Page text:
Canadian Dietitians – Your Help is Needed!

Julie here.

It was about 4 years ago; I was doing an initial nutrition focused physical exam (NFPE) on a new patient admitted to my pediatric intensive care unit. I had just came back from a conference and had purchased a new book on NFPE and wanted to work through it page by page.

My patient was a teenager with Autism Spectrum Disorder (ASD) admitted with sepsis. On exam he had adequate fat and muscle stores and an acceptable BMI. But, his complete blood count and pale skin were in keeping with iron deficiency anemia. On top of this, he had rough, bumpy and very dry skin, corkscrew body hair, and new onset pressure sores that were evolving quickly. His nails were spoon shaped.

Just like the pictures in my book.

The patient had IV access, and I had a willing team. I decided to order almost every nutritional bloodwork I could think of. Turns out, he had vitamin A, C, and D deficiencies as well as iron deficiency anemia, among many other nutritional deficiencies. A look in his mouth confirmed he had scurvy.

Scurvy, in the 21st century.


Unfortunately, there have been several more cases just like this one in my institution alone.

And, I know other children’s hospitals are seeing the same trend.


If you’re a Dietitian who works with children and youth with Autism Spectrum Disorder (ASD), you know first-hand the struggles that they face to achieve a balanced diet that meets all their nutritional requirements given their restrictive and repetitive behaviours.

Is this population more at risk of nutritional deficiencies?

Should you routinely be screening for specific nutrients?


Well, turns out, a group of physicians with the Canadian Paediatric Surveillance Program (CPSP) are concerned about this patient population and need your help to collect data.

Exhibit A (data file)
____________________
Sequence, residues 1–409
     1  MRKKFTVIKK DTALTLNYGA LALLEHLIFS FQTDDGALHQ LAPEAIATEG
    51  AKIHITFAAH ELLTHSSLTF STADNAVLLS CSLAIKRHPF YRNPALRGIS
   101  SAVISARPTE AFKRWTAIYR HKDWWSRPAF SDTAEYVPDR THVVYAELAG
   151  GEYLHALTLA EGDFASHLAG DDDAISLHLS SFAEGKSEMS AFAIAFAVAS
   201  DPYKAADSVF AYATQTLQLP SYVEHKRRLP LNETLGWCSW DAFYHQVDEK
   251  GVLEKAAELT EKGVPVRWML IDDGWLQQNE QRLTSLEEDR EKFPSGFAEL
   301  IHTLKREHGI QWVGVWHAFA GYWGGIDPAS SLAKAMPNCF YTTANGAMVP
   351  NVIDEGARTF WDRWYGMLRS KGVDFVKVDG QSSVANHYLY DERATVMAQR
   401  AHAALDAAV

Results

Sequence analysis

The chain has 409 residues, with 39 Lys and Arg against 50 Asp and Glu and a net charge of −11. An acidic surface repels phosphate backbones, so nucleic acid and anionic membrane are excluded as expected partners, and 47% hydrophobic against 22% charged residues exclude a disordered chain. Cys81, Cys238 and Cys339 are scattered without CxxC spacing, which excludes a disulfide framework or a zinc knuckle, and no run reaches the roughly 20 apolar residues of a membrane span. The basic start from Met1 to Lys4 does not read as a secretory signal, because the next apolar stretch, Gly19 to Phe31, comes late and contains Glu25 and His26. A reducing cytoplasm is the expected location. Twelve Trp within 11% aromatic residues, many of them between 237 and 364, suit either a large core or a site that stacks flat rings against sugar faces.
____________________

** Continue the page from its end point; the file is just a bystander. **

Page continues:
The following information is shared content from the CPSP reproduced with permission of Dr. Radha Jetty from the Children’s Hospital of Eastern Ontario.


Micronutrient Deficiencies and Autism Spectrum Disorder: A Canadian Paediatric Surveillance Program (CPSP) Study

The goal of this study is to understand the burden of serious micronutrient deficiencies in Canadian children and youth with ASD – to better inform anticipatory guidance, screening, and prevention strategies in this population.

CPSP:

National surveillance platform for childhood disorders high in disability, morbidity and economic costs to society, despite their low frequency.

It includes paediatricians and paediatric subspecialists nationally.


The CPSP is asking paediatricians to report all children and youth less than 18 years of age with autism spectrum disorder AND a new diagnosis of one or more of:

✅ Vitamin A deficiency/xerophthalmia

✅ Scurvy

✅ Severe, symptomatic vitamin D deficiency

✅ Severe iron deficiency anemia





Specific objectives:

✅ Ascertain the minimum incidence of specific micronutrient deficiencies in Canadian children and youth with ASD

✅ Obtain demographic and clinical information to better understand factors associated with micronutrient deficiency in children and youth with ASD

✅ Determine the use of health care services in children and youth with ASD and micronutrient deficiency

✅ Assess significant health complications of micronutrient deficiency in children and youth with ASD


Bottom Line:

Dr. Jetty has asked that I share the above with Canadian Dietitians so that you can help identify these children to their paediatricians.

In her words:

“If you see a child with ASD and restricted diet, it is important to screen for physical symptoms of vitamin A, C, D and iron deficiency as well as to consider bloodwork to check levels of these essential micronutrients.

If levels are low, speak with the physician involved to report the cases to the CPSP team.

Pediatricians should already be aware of the CPSP study as they are contacted monthly and asked to report any new cases through a paper mailing reporting system.”


For more information:

https://www.cpsp.cps.ca/surveillance/study-etude/micronutrient-deficiencies-and-autism-spectrum-disorder

I also encourage you to review the questionnaire that paediatricians need to complete. If you work directly with them, you will be able to help them complete the necessary information.


So, please…

Report cases

Encourage your colleagues to report


Thank you so much for your help,

Charlene and Julie

P.S. Want to learn more about picky eating? Stay tuned, we have something special coming very, very soon.

P.P.S Have you joined our Facebook group: Pediatric Dietitians: Newbies to Masters